|Publication number||US4147687 A|
|Application number||US 05/809,475|
|Publication date||Apr 3, 1979|
|Filing date||Jun 23, 1977|
|Priority date||May 12, 1975|
|Publication number||05809475, 809475, US 4147687 A, US 4147687A, US-A-4147687, US4147687 A, US4147687A|
|Inventors||Hugh T. O'Donnell|
|Original Assignee||Donnell Hugh T O|
|Export Citation||BiBTeX, EndNote, RefMan|
|Patent Citations (5), Referenced by (12), Classifications (12)|
|External Links: USPTO, USPTO Assignment, Espacenet|
This application is a continuation of copending application Ser. No. 576,388, filed May 12, 1975, now abandoned which in turn was a continuation-in-part of Ser. No. 360,185, filed May 14, 1973,now abandoned.
This invention relates to formed objects of coal flyash and methods of making the same using thermoplastic and thermoset resins as binders.
The accumulation of coal flyash has been a real problem in the field of solid pollution and unsightly accumulations of such solid wastes in various parts of the country have been both ecologically and esthetically undesirable. There have been many proposals for use of this material but to date nothing has been proposed which provided an acceptable solution to its disposal.
I have invented a product and method utilizing this waste material which permits it to be formed into high quality moldings which may be used to replace many of the ceramic, structural and masonry moldings presently in use. In my invention I provide a molded product consisting essentially of coal flyash in a matrix of thermoplastic and thermoset resins. In my practice I mix coal flyash with a much smaller amount, about 5% to 25% by weight of a thermosetting or thermoplastic resin and form the desired product under heat and pressure. A small amount of mineral oil, preferably less than 1% by weight is added to the mixture prior to processing to aid in mixing and extrusion.
Among the thermoplastic and thermosetting resins which I may use are homopolymers and copolymers of vinyl aromatic compounds, polystyrene, acrylonitrite-butadiene, styrene copolymers, styrene-butadiene copolymers, polyamide, polymers prepared from mono-olefins, polyethylene, polypropylene, vinyl polymers, polyvinyl chloride, polyvinyl acetate, polyvinyl-idene chloride, phenolics, alkyds, epoxies, polyesters and cross linkable polyethylene.
The coal flyash is mixed with the resins in amounts within the stated limits to produce the desired density and physical properties in the end product being produced.
The products and method of this invention can be produced using a screw type extruder and/or a two roll mill, ram screw or plunger injection molding machine or any of the other well known equipment for heating and pressure forming.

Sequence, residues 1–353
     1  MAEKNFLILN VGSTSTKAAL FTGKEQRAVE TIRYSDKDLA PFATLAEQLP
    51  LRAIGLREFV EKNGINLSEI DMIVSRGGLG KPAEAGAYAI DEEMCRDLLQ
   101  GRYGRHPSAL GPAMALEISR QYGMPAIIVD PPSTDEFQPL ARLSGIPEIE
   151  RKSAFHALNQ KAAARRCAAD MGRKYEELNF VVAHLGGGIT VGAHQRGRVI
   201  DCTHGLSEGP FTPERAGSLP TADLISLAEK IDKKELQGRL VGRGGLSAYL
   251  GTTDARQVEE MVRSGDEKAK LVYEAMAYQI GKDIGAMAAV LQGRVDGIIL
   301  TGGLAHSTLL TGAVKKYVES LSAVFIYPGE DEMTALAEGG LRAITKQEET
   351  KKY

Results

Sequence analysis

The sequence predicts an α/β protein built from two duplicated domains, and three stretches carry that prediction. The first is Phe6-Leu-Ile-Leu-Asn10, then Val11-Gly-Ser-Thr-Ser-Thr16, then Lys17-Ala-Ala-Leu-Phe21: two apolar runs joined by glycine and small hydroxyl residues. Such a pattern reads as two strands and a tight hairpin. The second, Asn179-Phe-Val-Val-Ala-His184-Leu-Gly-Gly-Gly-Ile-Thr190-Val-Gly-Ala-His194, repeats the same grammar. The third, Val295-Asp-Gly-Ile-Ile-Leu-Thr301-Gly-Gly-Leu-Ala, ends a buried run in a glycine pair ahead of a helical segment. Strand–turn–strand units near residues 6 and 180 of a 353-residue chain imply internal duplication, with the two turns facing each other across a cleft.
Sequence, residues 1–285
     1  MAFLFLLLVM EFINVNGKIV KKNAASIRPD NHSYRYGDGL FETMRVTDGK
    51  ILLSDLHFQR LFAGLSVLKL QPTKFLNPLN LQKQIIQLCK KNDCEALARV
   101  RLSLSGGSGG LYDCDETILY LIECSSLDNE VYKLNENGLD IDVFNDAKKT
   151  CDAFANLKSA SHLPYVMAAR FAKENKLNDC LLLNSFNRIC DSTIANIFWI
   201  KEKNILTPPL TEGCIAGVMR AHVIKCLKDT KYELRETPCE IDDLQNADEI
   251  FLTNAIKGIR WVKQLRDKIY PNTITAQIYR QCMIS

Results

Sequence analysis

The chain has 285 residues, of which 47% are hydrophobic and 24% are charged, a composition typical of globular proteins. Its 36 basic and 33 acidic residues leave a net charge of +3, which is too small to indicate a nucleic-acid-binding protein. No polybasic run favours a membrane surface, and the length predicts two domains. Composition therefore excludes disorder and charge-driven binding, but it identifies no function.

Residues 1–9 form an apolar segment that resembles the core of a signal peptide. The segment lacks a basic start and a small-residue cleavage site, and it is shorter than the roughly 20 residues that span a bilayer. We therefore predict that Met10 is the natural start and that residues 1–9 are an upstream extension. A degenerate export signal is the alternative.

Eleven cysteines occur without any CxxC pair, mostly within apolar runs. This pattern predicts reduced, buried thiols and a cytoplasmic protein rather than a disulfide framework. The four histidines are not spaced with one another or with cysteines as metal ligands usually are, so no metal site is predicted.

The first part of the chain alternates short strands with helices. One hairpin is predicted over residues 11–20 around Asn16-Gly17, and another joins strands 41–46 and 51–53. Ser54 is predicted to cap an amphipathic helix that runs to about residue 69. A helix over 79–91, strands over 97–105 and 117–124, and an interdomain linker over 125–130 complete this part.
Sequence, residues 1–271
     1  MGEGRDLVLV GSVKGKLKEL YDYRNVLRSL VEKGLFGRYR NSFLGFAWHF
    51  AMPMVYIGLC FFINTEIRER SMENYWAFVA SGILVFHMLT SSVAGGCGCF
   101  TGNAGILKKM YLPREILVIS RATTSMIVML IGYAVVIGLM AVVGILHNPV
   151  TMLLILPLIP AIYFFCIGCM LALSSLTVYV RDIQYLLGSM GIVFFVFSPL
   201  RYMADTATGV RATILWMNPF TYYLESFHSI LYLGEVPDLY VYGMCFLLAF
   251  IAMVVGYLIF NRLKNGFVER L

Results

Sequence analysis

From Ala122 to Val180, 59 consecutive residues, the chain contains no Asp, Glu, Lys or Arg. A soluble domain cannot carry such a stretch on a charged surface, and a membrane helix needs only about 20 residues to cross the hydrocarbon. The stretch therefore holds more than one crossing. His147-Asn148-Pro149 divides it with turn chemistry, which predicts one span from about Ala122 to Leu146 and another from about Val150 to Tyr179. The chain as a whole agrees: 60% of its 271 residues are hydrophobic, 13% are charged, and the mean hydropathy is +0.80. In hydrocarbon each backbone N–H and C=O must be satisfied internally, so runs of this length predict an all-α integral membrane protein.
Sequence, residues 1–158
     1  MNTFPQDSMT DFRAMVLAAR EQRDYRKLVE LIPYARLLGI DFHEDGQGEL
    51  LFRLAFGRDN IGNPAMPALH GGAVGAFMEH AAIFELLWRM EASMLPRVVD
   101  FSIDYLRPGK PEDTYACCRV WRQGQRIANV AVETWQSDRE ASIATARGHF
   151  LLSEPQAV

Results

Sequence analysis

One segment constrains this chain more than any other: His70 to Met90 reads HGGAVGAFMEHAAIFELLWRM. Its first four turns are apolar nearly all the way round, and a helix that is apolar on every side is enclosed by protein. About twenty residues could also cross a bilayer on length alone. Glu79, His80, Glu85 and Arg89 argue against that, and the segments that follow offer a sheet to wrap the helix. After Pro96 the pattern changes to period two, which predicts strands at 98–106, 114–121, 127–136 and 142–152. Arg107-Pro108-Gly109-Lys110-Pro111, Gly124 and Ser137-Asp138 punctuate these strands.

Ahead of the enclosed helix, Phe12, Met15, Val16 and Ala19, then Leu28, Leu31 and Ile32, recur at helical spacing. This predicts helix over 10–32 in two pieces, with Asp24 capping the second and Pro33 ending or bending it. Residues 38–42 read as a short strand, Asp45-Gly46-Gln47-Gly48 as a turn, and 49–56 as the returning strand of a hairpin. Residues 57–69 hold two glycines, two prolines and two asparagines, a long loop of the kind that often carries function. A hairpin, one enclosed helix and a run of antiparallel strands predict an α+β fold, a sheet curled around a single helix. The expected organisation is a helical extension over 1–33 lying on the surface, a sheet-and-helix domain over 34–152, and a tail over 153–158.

The process temperature used in my invention will vary between about 225° F. and 510° F. depending upon the resin being used.
The invention can perhaps best be illustrated by reference to the following examples illustrating my invention.
Using the subject invention a product was formed using 90 percent Bituminous coal flyash and 10 percent polystyrene plastic. A small quantity of mineral oil (equivalent to l/10 percent by weight of total mix) was added to the mixture to assure thorough mixing and facilitate extrusion. The mixture was heated to approximately 350° F. and extruded through a 1/2 inch diameter die on a 1 inch N.R.M. extruder. The resultant product cooled in less than two minutes to a rigid consistency. The new material had a specific gravity of 1.703 (106.3 lbs./ft.3) and a compressive breaking strength of 8,390 pounds per square inch. The product is extremely resistant to breakage by impact and exhibits a generally `tough` physical characteristic. The material can be sawed using silicone carbide or diamond cutting equipment as the hardness of the product approaches 7 on moh's scale. The material can more easily be cut with a hot wire.
Using the subject invention method, a product was formed using 75 percent Bituminous coal flyash and 25 percent polystyrene plastic. A small quantity of mineral oil was added to the mixture to assure thorough mixing and facilitate extrusion. The mixture was heated to approximately 350° F. in a 1 inch N.R.M. extruder and extruded through a 1/2 inch diameter die. The resultant extruded product cooled in less than two minutes to a rigid consistency. The new product has a specific gravity of 1.535 (95.79 pounds per cubic/ft.) and a compressive breaking strength of 10,233 p.s.i.
The flyash used in these tests is "typical" of most bituminous coal flyash. It contains 95.9 percent ash, 0.3 percent moisture, 3.0 percent fixed carbon and was collected from a boiler stack by an electrostatic precipitator.
Flyash recovered from the stack of a pulverized coal burning power generator boiler was mixed with 25% by weight of styrene-butadiene copolymers and formed into large hollow pots for plants in a heated mold under pressure. The resulting product had good strength and handling ability.
The method and product of this invention are particularly interesting since it uses flyash which has been heretofore an undesirable and generally unusable environmental pollutant.
In the foregoing specification I have set out certain preferred embodiments and practices of my invention, however, it will be understood that this invention may be otherwise embodied within the scope of the following claims.
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|U.S. Classification||524/65, 106/DIG.1, 264/211, 264/331.13|
|International Classification||C04B26/02, C08L95/00|
|Cooperative Classification||C04B26/02, C08L95/00, Y02W30/92, Y10S106/01|
|European Classification||C08L95/00, C04B26/02|